“Even ‘facts’ need to be qualified. For example, NASA has reported that the average number of major hurricanes (categories 4 and 5) has doubled since 1970. But this is ‘selective data sorting.’

“When you calculate the average of all hurricanes, you find much less of an increase. In fact, the year 2007 saw a decrease in hurricanes. So NASA’s ‘fact’ may be true, but it is not the whole truth.”[viii]

4. The “Climategate” e-mails demonstrate the suspect nature of climate research and reporting. A host of e-mails from the Climatic Research Unit of the School of Environmental Science at the University of East Anglia were hacked and made public in the late 2000s. Some of these e-mails displayed a concerted effort to control data the public received.

Regarding these e-mails, George Avery of the Science and Public Policy Institute wrote, “Recent revelations of e-mails from the government-sponsored Climate Research Unit at the University of East Anglia reveal a pattern of data suppression, manipulation of results, and efforts to intimidate journal editors to suppress contradictory studies that indicate that scientific misconduct has been used intentionally to manipulate a social consensus to support the researchers’ advocacy of addressing a problem that may or may not exist.”[ix]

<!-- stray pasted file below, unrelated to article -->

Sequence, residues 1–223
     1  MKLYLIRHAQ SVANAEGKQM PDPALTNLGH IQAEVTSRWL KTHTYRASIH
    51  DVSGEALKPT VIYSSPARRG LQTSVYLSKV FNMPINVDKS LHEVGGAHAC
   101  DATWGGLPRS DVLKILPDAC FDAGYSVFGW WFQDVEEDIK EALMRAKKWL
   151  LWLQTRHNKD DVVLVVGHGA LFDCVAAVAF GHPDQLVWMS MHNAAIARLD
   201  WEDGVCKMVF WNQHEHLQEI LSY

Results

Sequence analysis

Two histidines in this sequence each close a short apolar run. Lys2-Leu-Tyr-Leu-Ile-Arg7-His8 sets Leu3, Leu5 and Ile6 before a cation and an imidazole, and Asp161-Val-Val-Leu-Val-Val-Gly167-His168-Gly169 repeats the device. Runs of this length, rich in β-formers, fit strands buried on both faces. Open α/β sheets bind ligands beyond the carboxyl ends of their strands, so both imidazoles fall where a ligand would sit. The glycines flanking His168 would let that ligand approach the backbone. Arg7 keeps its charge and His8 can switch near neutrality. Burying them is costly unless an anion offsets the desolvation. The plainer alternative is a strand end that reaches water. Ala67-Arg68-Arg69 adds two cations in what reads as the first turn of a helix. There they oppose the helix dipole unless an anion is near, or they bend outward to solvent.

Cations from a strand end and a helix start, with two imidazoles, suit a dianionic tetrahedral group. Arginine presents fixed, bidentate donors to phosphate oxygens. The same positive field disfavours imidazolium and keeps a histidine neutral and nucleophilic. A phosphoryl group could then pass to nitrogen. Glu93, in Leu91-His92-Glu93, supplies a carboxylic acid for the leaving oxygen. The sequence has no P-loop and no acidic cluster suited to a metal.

In spite of Oreskes’ claim, researchers and the public in general are wise to challenge the conclusions of scientists in areas such as climate change. The data itself and the documented tactics of some who advocate these positions give us all good reason.